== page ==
Originally written by Tim Pigeon
Green Carnation took the metal world by surprise in 2001 with their superb opus Light of Day, Day of Darkness. They were a mostly unknown band before then, but their emotional, hour-long, single-song album earned the band much acclaim in the metal media.
Fast forward two years and the new album, A Blessing in Disguise, is set to hit stores in mid-June. Now the main question on everyone’s mind is whether or not this album will be another deep, epic concept album or a more traditional affair. I’ll ruin the surprise and just reveal that this album is a nine song outing of progressive rock tinged with the slightest touches of metal. This development is sure to disappoint those hoping for another LODDOD, but I couldn’t be happier with the finished product.
I’m beginning to think that Tchort (ex-Emperor) is one of the most gifted men in metal. He’s the primary songwriter in Green Carnation, and this album comes fresh on the heels of the spectacular Blood Red Throne album, which was released a few months back. For the uninformed, Tchort also handles the guitar duties for them as well.
Kjetil Nordhus has a nice vocal range that hits a few different registers, yet it never sounds cheesy. Doomy piano contributes in a few of the songs. None of the instruments stand out as being too flashy, which is a credit to the high quality of the songwriting on display here.
Production-wise, the album sounds great. Very crisp throughout. “Crushed to Dust” gets the album off to a fast start, and the hard rock approach to the song is the heaviest found on A Blessing in Disguise. There are some nice chord progressions going on during the chorus as well. Next up is “Lullaby in Winter,” a slower track that is more par for the course. The song is actually broken into two parts, the first being a pretty standard singing-over-quiet-guitar composition, while the second half is much better, being more dynamic, and laced with nifty keys.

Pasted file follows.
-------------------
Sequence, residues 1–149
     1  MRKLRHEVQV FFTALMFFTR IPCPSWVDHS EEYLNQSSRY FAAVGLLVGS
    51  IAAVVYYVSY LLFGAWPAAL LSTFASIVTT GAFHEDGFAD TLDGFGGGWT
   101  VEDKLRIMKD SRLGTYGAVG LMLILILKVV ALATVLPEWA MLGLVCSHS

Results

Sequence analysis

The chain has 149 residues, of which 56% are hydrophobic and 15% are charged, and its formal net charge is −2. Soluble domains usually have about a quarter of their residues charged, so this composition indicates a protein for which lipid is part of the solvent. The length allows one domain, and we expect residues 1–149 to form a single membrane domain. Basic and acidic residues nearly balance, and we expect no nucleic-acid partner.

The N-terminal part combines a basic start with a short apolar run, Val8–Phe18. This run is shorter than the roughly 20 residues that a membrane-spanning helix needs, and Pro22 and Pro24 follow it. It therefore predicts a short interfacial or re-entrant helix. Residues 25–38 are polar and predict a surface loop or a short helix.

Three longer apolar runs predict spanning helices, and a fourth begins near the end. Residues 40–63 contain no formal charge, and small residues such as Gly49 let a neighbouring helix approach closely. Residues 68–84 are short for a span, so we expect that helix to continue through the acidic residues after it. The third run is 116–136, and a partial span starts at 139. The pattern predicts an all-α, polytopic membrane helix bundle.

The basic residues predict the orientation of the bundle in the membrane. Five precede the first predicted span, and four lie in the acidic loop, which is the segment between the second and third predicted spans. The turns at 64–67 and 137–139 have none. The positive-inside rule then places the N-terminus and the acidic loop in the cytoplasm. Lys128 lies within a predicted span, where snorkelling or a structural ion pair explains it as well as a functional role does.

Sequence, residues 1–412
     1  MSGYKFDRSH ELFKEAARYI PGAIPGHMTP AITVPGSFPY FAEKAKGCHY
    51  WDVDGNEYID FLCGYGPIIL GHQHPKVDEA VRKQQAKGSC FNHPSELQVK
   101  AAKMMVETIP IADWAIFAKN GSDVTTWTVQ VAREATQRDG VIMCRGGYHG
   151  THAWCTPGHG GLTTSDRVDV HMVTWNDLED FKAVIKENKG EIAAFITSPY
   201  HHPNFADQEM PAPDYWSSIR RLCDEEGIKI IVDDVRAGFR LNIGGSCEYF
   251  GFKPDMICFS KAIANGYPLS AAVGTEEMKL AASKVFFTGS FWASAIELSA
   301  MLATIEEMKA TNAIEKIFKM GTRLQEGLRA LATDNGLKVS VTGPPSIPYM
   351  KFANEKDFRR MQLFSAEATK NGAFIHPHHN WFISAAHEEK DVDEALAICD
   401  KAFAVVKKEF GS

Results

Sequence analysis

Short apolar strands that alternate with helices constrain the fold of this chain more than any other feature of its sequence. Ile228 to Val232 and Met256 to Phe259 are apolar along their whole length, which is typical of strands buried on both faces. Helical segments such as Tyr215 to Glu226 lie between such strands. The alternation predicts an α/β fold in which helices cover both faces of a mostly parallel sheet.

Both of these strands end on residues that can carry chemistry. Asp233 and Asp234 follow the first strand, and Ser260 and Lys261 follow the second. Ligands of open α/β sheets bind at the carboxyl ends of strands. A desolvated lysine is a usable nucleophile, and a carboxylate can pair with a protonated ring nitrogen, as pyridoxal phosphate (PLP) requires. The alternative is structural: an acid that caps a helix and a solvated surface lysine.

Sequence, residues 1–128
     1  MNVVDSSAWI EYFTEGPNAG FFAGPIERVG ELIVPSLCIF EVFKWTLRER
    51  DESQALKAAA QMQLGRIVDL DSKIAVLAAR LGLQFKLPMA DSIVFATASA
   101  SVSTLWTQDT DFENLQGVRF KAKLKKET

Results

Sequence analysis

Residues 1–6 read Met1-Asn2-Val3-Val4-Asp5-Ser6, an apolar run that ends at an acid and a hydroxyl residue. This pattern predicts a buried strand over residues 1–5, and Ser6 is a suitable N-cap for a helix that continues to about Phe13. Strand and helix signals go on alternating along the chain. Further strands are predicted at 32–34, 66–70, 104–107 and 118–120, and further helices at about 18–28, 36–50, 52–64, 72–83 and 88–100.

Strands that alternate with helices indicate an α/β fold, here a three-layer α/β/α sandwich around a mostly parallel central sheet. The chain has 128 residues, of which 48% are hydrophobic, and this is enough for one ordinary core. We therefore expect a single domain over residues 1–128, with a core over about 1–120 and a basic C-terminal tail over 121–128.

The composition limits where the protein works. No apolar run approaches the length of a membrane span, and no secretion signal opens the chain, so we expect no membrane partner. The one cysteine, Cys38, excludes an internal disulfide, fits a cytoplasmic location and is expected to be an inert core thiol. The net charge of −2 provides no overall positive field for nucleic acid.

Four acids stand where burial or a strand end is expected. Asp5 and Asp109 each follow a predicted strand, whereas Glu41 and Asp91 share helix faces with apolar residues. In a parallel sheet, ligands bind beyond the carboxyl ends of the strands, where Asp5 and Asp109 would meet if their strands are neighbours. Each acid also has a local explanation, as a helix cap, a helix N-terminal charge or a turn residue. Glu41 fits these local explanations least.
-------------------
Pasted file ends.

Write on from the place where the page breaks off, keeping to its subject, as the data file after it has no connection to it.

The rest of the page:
Another interesting aspect is how they resemble Alice in Chains in a few select spots, such as the vocal melodies in “Myron and Cole,” that sound straight off of Facelift, as well as the first minute or two of “Into Deep.” Each song has its moment(s) of beauty and they all stand on their own as little mini-journeys. My personal favorite song is “As Life Flows By,” with its moving, sing-a-long chorus and 80’s-rock feeling. But again, tastefully done.
Don’t approach this album expecting it to be a real headbanger or an amazingly epic tale, instead enjoy the emotion poured into and out of each song. I think it’s a worthy follow-up to LODDOD, but as always, when a band changes approach, sample a song or two first. This will definitely be near the top of my non-metal list for 2003.